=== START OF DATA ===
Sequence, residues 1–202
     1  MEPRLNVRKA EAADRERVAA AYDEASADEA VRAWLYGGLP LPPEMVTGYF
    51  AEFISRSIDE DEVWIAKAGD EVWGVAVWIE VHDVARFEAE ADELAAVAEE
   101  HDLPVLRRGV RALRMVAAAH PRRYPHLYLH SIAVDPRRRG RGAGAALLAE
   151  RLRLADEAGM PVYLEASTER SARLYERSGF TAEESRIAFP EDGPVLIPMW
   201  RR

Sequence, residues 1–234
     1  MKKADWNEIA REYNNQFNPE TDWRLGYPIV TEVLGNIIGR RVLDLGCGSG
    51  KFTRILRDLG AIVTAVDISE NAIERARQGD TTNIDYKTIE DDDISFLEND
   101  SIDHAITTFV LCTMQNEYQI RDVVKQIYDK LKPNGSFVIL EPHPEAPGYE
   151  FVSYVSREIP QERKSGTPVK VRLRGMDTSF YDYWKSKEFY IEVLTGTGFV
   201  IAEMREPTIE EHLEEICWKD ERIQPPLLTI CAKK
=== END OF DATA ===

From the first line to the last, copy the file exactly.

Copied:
Sequence, residues 1–202
     1  MEPRLNVRKA EAADRERVAA AYDEASADEA VRAWLYGGLP LPPEMVTGYF
    51  AEFISRSIDE DEVWIAKAGD EVWGVAVWIE VHDVARFEAE ADELAAVAEE
   101  HDLPVLRRGV RALRMVAAAH PRRYPHLYLH SIAVDPRRRG RGAGAALLAE
   151  RLRLADEAGM PVYLEASTER SARLYERSGF TAEESRIAFP EDGPVLIPMW
   201  RR

Sequence, residues 1–234
     1  MKKADWNEIA REYNNQFNPE TDWRLGYPIV TEVLGNIIGR RVLDLGCGSG
    51  KFTRILRDLG AIVTAVDISE NAIERARQGD TTNIDYKTIE DDDISFLEND
   101  SIDHAITTFV LCTMQNEYQI RDVVKQIYDK LKPNGSFVIL EPHPEAPGYE
   151  FVSYVSREIP QERKSGTPVK VRLRGMDTSF YDYWKSKEFY IEVLTGTGFV
   201  IAEMREPTIE EHLEEICWKD ERIQPPLLTI CAKK